Gavin
Jan 31, 2008 Gavin rated it it was amazing  ·  review of another edition
Shelves: biography
I read this around the same time as I was conducting a big heroin importation trial and took inspiration from it to have my guy acquitted. It's a sort of biography of a drug trafficker and supremely well written. Enjoyed enormously, even if the poor sap whom it's about obviously had a poor lawyer and spent some time in jail.
David Ward
Mar 12, 2010 David Ward rated it really liked it  ·  review of another edition
Snowblind: A Brief Career in the Cocaine Trade by Robert Sabbag (Avon Books 1976)(Biography). An enthralling thriller if ever there was one. This is the story of one man's meteoric rise and subsequent fall in the business of wholesale cocaine importing. The most thrilling words to be found in this tale: “They missed the load.” My rating: 7.5/10, finished 1980.
Des
Jun 01, 2011 Des rated it really liked it  ·  review of another edition
A very good well written book . It is also an interesting piece of American social history ; the cocaine trade before the cartels took over. I think it's the only banned book I've read. Some idiot politicians/journalists decided that it promoted drug use - what a load of crap.
Mohawkgrl
I read this novel in the early 1980s as it was being passed around from friend to friend. I remember that it was an easy read, fascinating and that it was about the cocaine trade. Otherwise, I don't remember any of the details of the plot nor the characters portrayed.
Todd Janko
Sep 27, 2012 Todd Janko rated it it was amazing  ·  review of another edition
Too bad I was "snow blind" when I read this one back in the early 90's, joking. Anyway, I can't recall the whole theme of the book, but the title basically says it. If anything you can anything out of this novel, it's a nice read for dealers finding unique ways to smuggle product.
Iain
Aug 17, 2009 Iain rated it liked it  ·  review of another edition
Dodgy dealings in the world of cocaine smuggling. Interesting if only to read about some of the unbelievable scams these guys got up to (and got away with). Intriguing, unsettling and a bit of a morality lesson.
Dan Hatcher
Feb 07, 2016 Dan Hatcher rated it really liked it  ·  review of another edition
Badass work of expository journalism. Did you know that on the news, reporters fudge the numbers when they say police did 'a million dollar drug bust' by stating the total price that the drug would run on the street after being cut and resold by half a dozen dealers? Me either.
Digi Munoz
Good read, but i lost momentum about half way through. Would be really interesting if you had interest in knowing more about the subject matter.

Had some really interesting chapters, but I wouldn't re-read it.

3.5/5
Trevor
Oct 12, 2016 Trevor rated it liked it  ·  review of another edition
Quite an old book this it seems, although this is an updated version. An interesting tale and details some of the ways to smuggle cocaine through customs.
Caty
Dec 06, 2008 Caty rated it liked it  ·  review of another edition
A yummy, immensely readable story of middle class drugdealing--refreshingly nonjudgemental, too.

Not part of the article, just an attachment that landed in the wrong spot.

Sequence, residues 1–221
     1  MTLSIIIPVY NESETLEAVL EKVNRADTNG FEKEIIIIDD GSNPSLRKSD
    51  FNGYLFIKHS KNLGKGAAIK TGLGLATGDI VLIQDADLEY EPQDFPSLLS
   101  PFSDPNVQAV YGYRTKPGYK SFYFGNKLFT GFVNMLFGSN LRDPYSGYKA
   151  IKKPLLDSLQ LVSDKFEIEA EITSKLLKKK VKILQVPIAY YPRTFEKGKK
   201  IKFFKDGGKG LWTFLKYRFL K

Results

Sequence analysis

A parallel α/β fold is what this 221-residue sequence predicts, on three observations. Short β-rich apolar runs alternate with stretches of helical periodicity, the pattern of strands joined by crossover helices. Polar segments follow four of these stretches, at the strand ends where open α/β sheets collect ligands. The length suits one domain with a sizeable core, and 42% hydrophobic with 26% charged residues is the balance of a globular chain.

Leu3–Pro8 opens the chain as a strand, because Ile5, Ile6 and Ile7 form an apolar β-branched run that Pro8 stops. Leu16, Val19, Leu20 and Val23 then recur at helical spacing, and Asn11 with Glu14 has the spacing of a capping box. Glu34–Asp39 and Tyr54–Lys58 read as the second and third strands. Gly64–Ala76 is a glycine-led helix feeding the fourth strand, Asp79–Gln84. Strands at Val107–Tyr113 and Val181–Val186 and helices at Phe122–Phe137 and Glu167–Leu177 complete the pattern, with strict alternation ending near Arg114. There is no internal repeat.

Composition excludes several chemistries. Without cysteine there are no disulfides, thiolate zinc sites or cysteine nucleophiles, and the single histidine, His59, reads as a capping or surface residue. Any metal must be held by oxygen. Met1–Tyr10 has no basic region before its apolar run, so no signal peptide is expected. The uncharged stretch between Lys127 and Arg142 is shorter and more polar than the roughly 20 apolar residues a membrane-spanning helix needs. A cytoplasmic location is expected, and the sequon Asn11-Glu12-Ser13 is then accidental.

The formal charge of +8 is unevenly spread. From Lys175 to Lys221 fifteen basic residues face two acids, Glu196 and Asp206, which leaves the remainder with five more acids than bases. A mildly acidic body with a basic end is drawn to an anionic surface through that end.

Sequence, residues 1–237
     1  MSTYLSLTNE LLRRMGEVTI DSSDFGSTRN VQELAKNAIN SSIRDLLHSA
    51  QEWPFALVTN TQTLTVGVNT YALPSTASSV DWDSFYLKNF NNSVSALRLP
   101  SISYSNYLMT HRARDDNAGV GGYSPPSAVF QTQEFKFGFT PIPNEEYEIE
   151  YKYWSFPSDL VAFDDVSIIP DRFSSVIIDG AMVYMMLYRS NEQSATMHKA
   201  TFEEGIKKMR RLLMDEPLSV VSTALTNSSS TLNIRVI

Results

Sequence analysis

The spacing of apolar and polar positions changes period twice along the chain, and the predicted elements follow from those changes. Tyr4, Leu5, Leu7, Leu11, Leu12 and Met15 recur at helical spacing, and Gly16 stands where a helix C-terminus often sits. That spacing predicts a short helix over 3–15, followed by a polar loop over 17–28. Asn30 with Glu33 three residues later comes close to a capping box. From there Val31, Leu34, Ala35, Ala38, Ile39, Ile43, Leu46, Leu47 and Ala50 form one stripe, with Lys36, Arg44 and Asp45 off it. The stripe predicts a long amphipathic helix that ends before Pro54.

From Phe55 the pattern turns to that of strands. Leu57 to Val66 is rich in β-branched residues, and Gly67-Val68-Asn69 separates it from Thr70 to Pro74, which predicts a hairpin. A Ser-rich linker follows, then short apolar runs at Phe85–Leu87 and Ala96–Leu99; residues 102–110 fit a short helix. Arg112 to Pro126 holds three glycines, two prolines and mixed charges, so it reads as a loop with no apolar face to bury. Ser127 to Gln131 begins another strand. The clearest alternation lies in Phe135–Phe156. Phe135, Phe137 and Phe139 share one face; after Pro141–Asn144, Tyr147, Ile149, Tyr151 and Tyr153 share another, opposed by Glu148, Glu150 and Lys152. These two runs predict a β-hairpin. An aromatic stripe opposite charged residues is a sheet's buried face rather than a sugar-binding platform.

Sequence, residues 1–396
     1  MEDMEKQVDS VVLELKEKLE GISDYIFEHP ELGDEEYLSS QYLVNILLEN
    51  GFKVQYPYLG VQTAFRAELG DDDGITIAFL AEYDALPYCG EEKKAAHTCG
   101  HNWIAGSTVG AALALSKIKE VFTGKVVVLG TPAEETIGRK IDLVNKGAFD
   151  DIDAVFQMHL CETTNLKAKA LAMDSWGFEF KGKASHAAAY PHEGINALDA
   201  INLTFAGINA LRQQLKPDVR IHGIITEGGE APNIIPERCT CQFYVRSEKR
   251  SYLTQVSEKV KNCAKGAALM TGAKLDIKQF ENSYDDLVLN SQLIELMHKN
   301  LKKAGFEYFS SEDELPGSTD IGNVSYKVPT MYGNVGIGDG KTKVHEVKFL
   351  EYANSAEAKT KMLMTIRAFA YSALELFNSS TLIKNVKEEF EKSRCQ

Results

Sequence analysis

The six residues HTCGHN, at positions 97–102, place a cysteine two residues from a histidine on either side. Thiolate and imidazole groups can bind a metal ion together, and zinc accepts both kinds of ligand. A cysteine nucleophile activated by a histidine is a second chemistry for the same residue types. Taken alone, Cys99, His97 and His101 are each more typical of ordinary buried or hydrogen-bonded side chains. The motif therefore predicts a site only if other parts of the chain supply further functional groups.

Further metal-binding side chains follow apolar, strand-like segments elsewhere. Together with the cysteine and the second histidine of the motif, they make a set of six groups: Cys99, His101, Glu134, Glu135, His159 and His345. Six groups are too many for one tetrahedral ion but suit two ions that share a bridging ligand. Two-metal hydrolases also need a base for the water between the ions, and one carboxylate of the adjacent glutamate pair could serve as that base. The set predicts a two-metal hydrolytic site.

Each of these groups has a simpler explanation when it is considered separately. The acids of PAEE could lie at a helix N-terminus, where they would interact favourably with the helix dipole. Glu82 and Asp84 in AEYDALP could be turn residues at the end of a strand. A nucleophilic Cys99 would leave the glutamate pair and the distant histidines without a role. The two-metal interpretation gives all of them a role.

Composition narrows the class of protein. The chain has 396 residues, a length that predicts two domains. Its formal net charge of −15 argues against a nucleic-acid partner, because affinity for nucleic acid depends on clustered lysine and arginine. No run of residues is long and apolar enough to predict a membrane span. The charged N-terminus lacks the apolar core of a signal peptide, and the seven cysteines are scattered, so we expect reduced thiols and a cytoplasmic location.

Henry
May 04, 2012 Henry rated it it was amazing  ·  review of another edition
bloody entertaining
Joe Davis
Fun read if one enjoys such erudite subjects such as the smuggling of cocaine and the associated cocaine trade in New York City circa the early 1970's.....
Jacob
Mar 23, 2009 Jacob rated it really liked it  ·  review of another edition
i read this a really long time ago, it blew my mind before long before it was ever blown with actual blow, etc. etc. etc.
Anthony
Jan 15, 2011 Anthony rated it it was amazing  ·  review of another edition
I read this book years ago. As far as books about the drug trade go this is one of the best.
BikerDude
May 28, 2014 BikerDude rated it it was ok  ·  review of another edition
Shelves: drugs
The writing was just too cute. It annoyed me.
Kelly Cross
Jan 16, 2013 Kelly Cross added it  ·  review of another edition
Recommends it for: Lee Cochenour
Older paperback picked up at friend's yard sale. Keeps you interested from the very the very start! Exceptional!
Charlie
Oct 26, 2011 Charlie rated it it was amazing  ·  review of another edition
An awesome book that details a few of the smuggling operations pulled off by Zachary Swan.
Steve
Nov 16, 2010 Steve rated it really liked it  ·  review of another edition
This is a great book, I was a customs officer at the time, smart and insightful.
Shauna
Jun 08, 2008 Shauna rated it really liked it  ·  review of another edition
Okay so a weird book for me to read, but I think this might be the book that the movie Blow is based off of. It has been awhile since I read it, but I remember I really liked it.
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Robert Sabbag is an American author and journalist. The memoir Down Around Midnight, is about a fatal plane crash he survived in 1979. Sabbag is a member of the Authors Guild and Writers Guild of America. His film Witness Protection was nominated for two Golden Globe Awards, including Best Picture.
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“Most people don't know what they're blowing anyway -- they know what they've been buying. You offer them pure and they won't meet your price -- they say it's shit because it doesn't look like what they're used to. So you hit it with some borax and they pay your price. But that takes time. After you unload most of it at an honest price, then you can fuck around with what's left for the sucker trade.” 1 likes